Skinny ectormorph’s do not have to worry about overdeveloping the obliques, but endomorphs with a lot of fat around their waists should not do any direct weighted oblique work at all. It all depends on your somatotype. Fatty endomorphs should do only trimming, non-weight exercises for their obliques, and go on a good weight-training routine to develop muscle mass to speed up their metabolisms, and follow a good diet and daily aerobics. Weightless side bends gives the obliques and love handles much needed work. Simply stand tall with your feet about a foot apart. Lean to your right and slide your right hand down the outside of your thigh. Then do the same for the other side. When you lean to the side, pause to tense and contract the oblique. Start with 20 reps per side and work up to 100 reps per side.
IFBB Mr. Universe Mohamed Makkawy, twice runner-up at the Mr. Olympia contest, did what he called “front bends” to work only the front part of the obliques and not the sides. Front bends makes the front obliques stand out and show more ridges, especially under the posing lights. Here’s how to do front bends. Hold a moderate dumbbell in your right hand, while your other hand is on the left thigh, not at the sides as in side bends. Slide the left hand down your left thigh, while leaning forward to contract the right front obligue. Shoot for 15 to 30 reps, then switch hands and train the other front oblique. Do three or four sets, resting only as long as it takes to do the reps on one side.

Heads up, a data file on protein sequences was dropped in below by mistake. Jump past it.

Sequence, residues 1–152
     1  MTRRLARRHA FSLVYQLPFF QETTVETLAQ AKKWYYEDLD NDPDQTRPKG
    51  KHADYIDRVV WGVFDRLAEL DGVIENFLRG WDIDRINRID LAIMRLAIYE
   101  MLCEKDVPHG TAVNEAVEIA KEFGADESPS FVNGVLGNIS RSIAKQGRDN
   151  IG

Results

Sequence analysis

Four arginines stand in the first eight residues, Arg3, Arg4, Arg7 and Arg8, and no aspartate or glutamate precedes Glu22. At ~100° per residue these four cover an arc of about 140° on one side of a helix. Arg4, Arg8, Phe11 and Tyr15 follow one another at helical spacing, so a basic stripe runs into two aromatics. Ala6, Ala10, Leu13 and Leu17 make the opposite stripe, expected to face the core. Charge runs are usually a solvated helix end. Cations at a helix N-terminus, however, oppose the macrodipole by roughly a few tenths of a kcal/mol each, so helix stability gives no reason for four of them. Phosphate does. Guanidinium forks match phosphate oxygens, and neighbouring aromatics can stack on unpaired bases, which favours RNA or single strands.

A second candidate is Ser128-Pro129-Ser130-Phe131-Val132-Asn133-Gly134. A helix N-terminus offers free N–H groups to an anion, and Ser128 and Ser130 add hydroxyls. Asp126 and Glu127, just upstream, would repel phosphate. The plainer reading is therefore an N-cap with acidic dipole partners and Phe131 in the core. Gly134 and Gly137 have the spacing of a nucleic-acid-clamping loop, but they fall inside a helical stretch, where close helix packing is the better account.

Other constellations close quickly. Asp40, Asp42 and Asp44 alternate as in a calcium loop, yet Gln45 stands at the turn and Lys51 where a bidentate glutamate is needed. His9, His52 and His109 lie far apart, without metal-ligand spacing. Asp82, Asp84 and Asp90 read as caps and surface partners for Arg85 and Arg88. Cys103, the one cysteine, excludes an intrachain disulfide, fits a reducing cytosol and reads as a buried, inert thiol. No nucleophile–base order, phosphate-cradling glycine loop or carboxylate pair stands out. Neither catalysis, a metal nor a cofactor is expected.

Situps Versus Crunches—Do Situps and Leg Raises Work?
For the last 40 years bodybuilders have been told to not do situps and to do crunches instead, which are a kind of partial situp. Situps, we are told, works the hip flexors and ilopsoas too much and not enough the abs. I guess someone forgot to tell Tom Platz’s abdominals when he did 90 pound high incline situps for ten minutes non-stop. He had superb abs. Roman chair situps are also said to work the hip flexors and ilopsoas too much. I guess someone told Zabo Koszewski’s abs that rule. He couldn’t have won all those “best ab” awards if they didn’t work. And doing 1000 reps of Roman chair situps daily didn’t harm Arnold Schwarzenegger’s abdominals when he was winning all his Mr. Olympia titles.
Again, I know I am going to catch hell from other bodybuilding experts, but back in the 1970’s I used to superset high incline situps with high incline straight leg raises and I had fantastic abs! I would superset the two exercises for three supersets, just shooting for maximum reps each set, until I felt a deep burn in my abs. Situps and leg raises worked for me, that I can say. Back in the late 70’s and early 80’s Franco Columbu used to superset high incline situps with high incline leg raises, like me, and he had fantastic abs. He would do four sets of 30 reps for both exercises.